Theory that Civilization is a Heat Engine

A University of Utah scientist (Tim Garrett, an associate professor of atmospheric sciences) argues that rising carbon dioxide emissions – the major cause of global warming – cannot be stabilized unless the world’s economy collapses or society builds the equivalent of one new nuclear power plant each day.

“Fundamentally, I believe the system is deterministic,” says Garrett. “Changes in population and standard of living are only a function of the current energy efficiency. That leaves only switching to a non-carbon-dioxide-emitting power source as an available option.”

“The problem is that, in order to stabilize emissions, not even reduce them, we have to switch to non-carbonized energy sources at a rate about 2.1 percent per year. That comes out to almost one new nuclear power plant per day.”

Garrett’s study was panned by some economists and rejected by several journals before acceptance by Climatic Change, a journal edited by renowned Stanford University climate scientist Stephen Schneider. The study will be published online this week.

The study – which is based on the concept that physics can be used to characterize the evolution of civilization – indicates:

* Energy conservation or efficiency doesn’t really save energy, but instead spurs economic growth and accelerated energy consumption.

* Throughout history, a simple physical “constant” – an unchanging mathematical value – links global energy use to the world’s accumulated economic productivity, adjusted for inflation. So it isn’t necessary to consider population growth and standard of living in predicting society’s future energy consumption and resulting carbon dioxide emissions.

* “Stabilization of carbon dioxide emissions at current rates will require approximately 300 gigawatts of new non-carbon-dioxide-emitting power production capacity annually – approximately one new nuclear power plant (or equivalent) per day,” Garrett says. “Physically, there are no other options without killing the economy.”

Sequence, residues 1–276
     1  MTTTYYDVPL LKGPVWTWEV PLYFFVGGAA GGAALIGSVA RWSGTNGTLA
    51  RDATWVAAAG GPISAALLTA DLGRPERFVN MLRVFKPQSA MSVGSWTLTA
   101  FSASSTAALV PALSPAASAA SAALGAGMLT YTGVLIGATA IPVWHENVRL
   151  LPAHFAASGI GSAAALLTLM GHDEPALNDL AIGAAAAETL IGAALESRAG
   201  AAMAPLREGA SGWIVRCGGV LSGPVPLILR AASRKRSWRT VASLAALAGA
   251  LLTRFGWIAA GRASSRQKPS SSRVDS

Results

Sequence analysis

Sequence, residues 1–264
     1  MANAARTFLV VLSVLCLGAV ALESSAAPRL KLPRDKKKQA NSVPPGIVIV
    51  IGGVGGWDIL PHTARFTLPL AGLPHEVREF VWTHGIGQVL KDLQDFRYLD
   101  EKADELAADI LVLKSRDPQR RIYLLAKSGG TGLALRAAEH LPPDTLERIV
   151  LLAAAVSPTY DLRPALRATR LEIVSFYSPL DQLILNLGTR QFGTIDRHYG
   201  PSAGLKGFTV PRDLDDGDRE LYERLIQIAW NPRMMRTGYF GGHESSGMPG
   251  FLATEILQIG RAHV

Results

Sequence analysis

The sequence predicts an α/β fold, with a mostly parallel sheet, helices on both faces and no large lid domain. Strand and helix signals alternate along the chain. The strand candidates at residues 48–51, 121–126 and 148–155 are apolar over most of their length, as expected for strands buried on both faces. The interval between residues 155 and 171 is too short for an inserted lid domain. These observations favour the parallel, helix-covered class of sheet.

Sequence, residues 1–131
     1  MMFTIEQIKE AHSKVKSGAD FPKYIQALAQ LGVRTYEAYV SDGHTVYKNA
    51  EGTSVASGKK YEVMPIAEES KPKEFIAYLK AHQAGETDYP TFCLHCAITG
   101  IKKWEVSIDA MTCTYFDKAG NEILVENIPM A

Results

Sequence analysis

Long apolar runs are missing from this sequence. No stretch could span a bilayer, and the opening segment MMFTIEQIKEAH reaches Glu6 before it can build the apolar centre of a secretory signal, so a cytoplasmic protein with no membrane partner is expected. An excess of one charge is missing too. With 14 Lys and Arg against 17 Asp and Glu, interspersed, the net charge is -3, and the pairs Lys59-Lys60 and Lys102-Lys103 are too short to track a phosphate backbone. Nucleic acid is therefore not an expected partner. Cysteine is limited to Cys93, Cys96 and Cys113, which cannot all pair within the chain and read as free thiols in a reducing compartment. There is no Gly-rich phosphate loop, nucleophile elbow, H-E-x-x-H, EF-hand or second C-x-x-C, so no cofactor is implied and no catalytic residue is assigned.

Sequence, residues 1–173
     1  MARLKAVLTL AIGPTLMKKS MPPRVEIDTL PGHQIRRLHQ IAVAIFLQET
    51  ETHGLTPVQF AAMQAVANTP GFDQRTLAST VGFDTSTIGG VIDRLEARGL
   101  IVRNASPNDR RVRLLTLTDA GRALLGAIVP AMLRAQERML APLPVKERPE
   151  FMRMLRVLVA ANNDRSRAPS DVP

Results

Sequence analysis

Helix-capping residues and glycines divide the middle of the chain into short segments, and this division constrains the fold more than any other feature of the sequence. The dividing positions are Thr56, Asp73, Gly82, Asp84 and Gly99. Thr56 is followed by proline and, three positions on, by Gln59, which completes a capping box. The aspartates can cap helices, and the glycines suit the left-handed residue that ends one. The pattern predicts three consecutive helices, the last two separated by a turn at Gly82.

Garrett treats civilization like a “heat engine” that “consumes energy and does ‘work’ in the form of economic production, which then spurs it to consume more energy,” he says.

“If society consumed no energy, civilization would be worthless,” he adds. “It is only by consuming energy that civilization is able to maintain the activities that give it economic value. This means that if we ever start to run out of energy, then the value of civilization is going to fall and even collapse absent discovery of new energy sources.”

Garrett says his study’s key finding “is that accumulated economic production over the course of history has been tied to the rate of energy consumption at a global level through a constant factor.”

That “constant” is 9.7 (plus or minus 0.3) milliwatts per inflation-adjusted 1990 dollar. So if you look at economic and energy production at any specific time in history, “each inflation-adjusted 1990 dollar would be supported by 9.7 milliwatts of primary energy consumption,” Garrett says.

Garrett tested his theory and found this constant relationship between energy use and economic production at any given time by using United Nations statistics for global GDP (gross domestic product), U.S. Department of Energy data on global energy consumption during 1970-2005, and previous studies that estimated global economic production as long as 2,000 years ago. Then he investigated the implications for carbon dioxide emissions.

0 thoughts on “Theory that Civilization is a Heat Engine”

  1. The battle of Stalingrad (winter of '42-'43) is traditionaly thought of as the turning point & I temd to agree with that.

    I don't think the US could have defeated a victorious Germany just with the Bomb. The Germans had sarin nerve gas which, ton for ton, is not as deadly as nukes but is up there & easier to make. Best they could have got is peace & MAD, which with Hitler is not cheerful option. Abouit 80% of German troops were on the eastern front so doing it without the Russians was a non-starter.

    I don't see that Stalin had much choice over the Molotov-Ribbentrop Pact. It wasn't an alliance but simply an agreement not to fight each other – something Chamberlain was clearly hoping for. With the British (& French in train) refusing a defencive alliance with the USSR the only options were the neutrality Stalin went for & a full alliance.

    Reply
  2. RKV

    I know that the Soviets started off with a non-aggression pact with the Nazis. Molotov-Ribbentrop Pact.

    http://en.wikipedia.org/wiki/Eastern_Front_(World_War_II)#Molotov-Ribbentrop_Pact

    http://en.wikipedia.org/wiki/Molotov-Ribbentrop_Pact
    Aug 1939 June 22, 1941

    There is no claim that Hitler and Stalin did not start out trying to work together or at least not try to fight each other.

    Also, the article already pointed out the problem of the purge of military offices and how it caused the initial very poor results in early battles (millions dead on the Russian side)

    D-day June 6 ,1944. So The Soviets and Nazi were fighting for a long time before D-day.

    It was not a matter of morality that the Soviets/Russians fought the Nazis. It was a matter of survival. Although Stalin could have surrendered, and perhaps more Russians might have lived but Stalin would likely have been killed.